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The Newman government still runs Queensland, so what can it do?

While Queenslanders watch and wait for a state election result, the quiet business of government continues. Flickr/James Cridland, CC BY

Queenslanders won’t know until at least next week who will lead the next state government, despite Labor winning the crucial support of an independent MP.

That means Campbell Newman will remain premier and in charge of a caretaker Liberal National government for some time.

So how close are we to seeing an election result? What do a caretaker premier and government actually do in the meantime? And what happened 20 years ago, when Queensland had a similarly tight election and there was a court challenge over a seat that got the Goss government back into power?

Which party is closest to forming government?

On Thursday, independent MP Peter Wellington said he would support Labor’s Annastacia Palaszczuk to become the next premier of Queensland if – as appears likely – his vote was needed for the ALP to form a minority government. Wellington said his decision was based on wanting to give Queensland certainty, which only Labor was offering. The LNP won’t elect a leader to replace Newman, who lost his seat, until Saturday.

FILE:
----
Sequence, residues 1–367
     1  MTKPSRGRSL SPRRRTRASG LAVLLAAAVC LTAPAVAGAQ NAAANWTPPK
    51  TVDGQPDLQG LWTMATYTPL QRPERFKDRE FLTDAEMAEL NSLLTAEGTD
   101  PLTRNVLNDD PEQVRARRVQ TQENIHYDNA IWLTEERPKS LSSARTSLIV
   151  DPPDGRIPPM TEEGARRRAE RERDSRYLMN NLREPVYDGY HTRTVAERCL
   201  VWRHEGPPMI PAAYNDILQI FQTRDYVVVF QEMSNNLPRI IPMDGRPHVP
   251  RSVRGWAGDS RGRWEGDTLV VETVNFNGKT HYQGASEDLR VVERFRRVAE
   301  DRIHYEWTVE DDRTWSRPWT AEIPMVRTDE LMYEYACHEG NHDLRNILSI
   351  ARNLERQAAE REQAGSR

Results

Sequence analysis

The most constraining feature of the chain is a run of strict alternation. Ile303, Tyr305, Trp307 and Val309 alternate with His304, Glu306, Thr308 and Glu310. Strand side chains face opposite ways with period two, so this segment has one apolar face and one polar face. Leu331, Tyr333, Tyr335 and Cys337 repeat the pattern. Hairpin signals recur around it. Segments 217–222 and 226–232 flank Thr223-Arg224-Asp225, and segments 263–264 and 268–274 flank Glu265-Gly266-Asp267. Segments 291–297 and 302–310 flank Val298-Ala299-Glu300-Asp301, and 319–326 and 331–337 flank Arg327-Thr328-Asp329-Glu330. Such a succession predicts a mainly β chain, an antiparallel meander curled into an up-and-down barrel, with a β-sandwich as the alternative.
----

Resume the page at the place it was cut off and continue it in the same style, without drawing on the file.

The Sunshine Coast independent said that while he respected Lawrence Springborg, who is officially leading the LNP’s negotiations to win back government, his efforts were being undermined by other MPs “running around trying to … destabilise Lawrence’s attempts”.

Wellington’s declaration came shortly after two Katter’s Australian Party MPs said they couldn’t decide who to support until all the votes had been counted. That is expected to take until February 10.

Even after next week, one seat could be hanging in the balance. Labor is narrowly ahead and looks likely to win the north-western Brisbane electorate of Ferny Grove. But it has emerged since the election that the Palmer United Party candidate wasn’t eligible to run. If the final result is close enough for PUP preferences to have mattered, there could be a by-election.

As Anne Twomey and Graeme Orr have explained on The Conversation, there has to be a government in office at all times – and that means Newman’s post-politics plans have had to be put on hold for now.